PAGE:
This is a summer when I feel very English: always talking about the weather. Will it change or not? For most people a summer like this year’s is disappointing but for wine growers it can have much more drastic consequences (as, of course, it has had for many non-wine growing people in England too). It is still far from certain if wine growers will face any such dramatic consequences this year. July has been very cool and rainy in many places in France, but if August and September turns out a little bit better there should be no grave consequences. So, let’s hope for the best.
It has become illegal to put Cru Bourgeois on the label in Bordeaux (read more below). The new Cru Bourgeois classification of 2003 was annulled and many people thought that they would simply revert to the old classification from 1932 (still much more recent than the still valid general Médoc classification of 1855). But no. Let’s hope that the chateaux have not pre-printed too many labels. And what will happen with the classification in Saint Emilion? They had a new classification in 2006 that also has been annulled by the courts (after complaints from some of the chateaux that were not included, just like with the Cru Bourgeois). And since the “old” classification in St E only was valid from 1996 to 2006 there is no more any classification on Saint Emilion. Or?… And what about Pessac-Léognan/Graves? They have been working on a new classification since a few years back. Will they dare go ahead with that in the current climate, knowing what it can lead to? We asked some time ago one of the wine growers in Graves how they would do a classification. He said that the only real “measure” to base a classification on is how much the consumers are prepared to pay for the wines. But for the consumer it is very easy to see how much a wine costs so why do we then need the classification(s)? Perhaps time to scrap them altogether?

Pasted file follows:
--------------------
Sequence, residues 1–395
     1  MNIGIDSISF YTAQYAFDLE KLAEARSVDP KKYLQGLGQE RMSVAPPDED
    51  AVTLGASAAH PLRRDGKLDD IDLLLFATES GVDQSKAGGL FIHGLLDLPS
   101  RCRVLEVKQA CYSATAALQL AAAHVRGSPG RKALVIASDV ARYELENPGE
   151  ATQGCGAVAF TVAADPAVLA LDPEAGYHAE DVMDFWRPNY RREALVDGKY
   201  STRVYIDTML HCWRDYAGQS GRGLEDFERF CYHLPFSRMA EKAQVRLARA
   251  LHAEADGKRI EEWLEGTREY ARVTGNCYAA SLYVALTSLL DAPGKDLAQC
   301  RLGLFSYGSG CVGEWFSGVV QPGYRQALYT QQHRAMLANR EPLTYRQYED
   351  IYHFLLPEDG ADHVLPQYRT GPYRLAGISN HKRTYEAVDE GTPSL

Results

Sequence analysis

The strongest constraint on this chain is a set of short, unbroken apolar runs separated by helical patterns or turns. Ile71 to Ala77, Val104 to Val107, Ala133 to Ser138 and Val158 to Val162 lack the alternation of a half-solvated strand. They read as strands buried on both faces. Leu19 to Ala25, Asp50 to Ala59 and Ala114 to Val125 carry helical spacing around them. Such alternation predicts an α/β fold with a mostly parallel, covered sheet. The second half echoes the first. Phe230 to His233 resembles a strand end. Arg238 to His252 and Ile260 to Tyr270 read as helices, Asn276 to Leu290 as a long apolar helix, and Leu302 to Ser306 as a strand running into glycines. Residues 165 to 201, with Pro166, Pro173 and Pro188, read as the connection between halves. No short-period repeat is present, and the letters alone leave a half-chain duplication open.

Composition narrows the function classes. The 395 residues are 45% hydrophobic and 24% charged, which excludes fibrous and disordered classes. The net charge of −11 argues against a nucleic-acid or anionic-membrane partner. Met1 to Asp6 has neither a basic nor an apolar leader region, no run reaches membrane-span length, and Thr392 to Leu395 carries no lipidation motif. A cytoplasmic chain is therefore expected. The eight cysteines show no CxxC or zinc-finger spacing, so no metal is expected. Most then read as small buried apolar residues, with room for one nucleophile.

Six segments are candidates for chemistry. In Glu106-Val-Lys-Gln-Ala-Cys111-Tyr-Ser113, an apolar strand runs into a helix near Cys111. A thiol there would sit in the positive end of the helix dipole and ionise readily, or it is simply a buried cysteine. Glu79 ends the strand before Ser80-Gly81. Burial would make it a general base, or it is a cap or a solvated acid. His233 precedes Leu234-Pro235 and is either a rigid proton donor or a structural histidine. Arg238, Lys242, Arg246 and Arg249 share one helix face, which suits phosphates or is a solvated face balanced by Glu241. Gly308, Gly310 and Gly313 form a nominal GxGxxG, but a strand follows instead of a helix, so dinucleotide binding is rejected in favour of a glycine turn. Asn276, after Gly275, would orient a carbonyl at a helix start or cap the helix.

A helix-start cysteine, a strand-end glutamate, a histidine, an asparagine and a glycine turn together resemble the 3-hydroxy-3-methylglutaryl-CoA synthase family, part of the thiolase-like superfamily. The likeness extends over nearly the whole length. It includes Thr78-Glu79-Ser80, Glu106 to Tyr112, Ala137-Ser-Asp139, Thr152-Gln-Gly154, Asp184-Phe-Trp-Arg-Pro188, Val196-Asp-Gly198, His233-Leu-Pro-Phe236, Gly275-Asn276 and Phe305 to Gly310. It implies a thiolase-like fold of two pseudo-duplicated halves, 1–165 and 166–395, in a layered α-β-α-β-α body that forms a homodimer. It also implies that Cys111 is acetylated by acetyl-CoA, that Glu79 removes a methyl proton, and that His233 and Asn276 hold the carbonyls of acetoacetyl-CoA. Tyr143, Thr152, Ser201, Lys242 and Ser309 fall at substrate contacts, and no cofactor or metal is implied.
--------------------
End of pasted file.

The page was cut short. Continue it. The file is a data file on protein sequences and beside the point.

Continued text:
Being summertime, this month’s Brief is a little bit shorter. But considering this summer, perhaps it is time to start thinking about next vacation.
I certainly recommend that you take a look at next year’s first wine tour, which actually is a wine, truffle and foie gras tour. The final and official program has just been released. It may sound luxurious, and that’s exactly what it is. On top of the gastronomic highlights we will stay at a very nice little chateau-hotel (I’m keeping up the British theme here – this is an understatement). If this trip won’t brighten up a dreary February for you nothing will. And I’m happy to say that it is also at a very affordable price. More info below.
In the last Brief I wrote some comments about wine scoring with some references to Wine Spectator that had scored the same wine very differently at two different occasion. Wine Spec’s Executive Editor Thomas Matthews wanted to clarify a what had actually happened and wrote us the following note:
“Just a point of clarification: The wine referred to in the San Francisco Chronicle article (not WSJ, as cited in the blog) on wine rating, which received different scores from Wine Spectator in two tastings, was not exactly the “same wine.” It was a Chateau St. Jean Cabernet Sauvignon tasted on two occasions nearly 10 years apart. It’s no wonder it received different scores — as wine lovers know, wines change with age, and only the very best improve over such a long period of time. From our point of view, the two different scores show the integrity of our evaluation system, reflecting real differences not necessarily obvious, given the wine had the same label. I don’t argue that wine ratings in themselves should be the only information wine drinkers use to choose the wines they decide to buy and enjoy. But using an expert’s experience as part of a personal evaluation seems reasonable. We do it for many goods in many fields. Why not wine?
If you are curious you can read what our reply was in the blog here: https://www.bkwine.com/blog/2007/07/wine-points-pointless.html
PS: Recommend to your friends to read the Brief or forward it to them !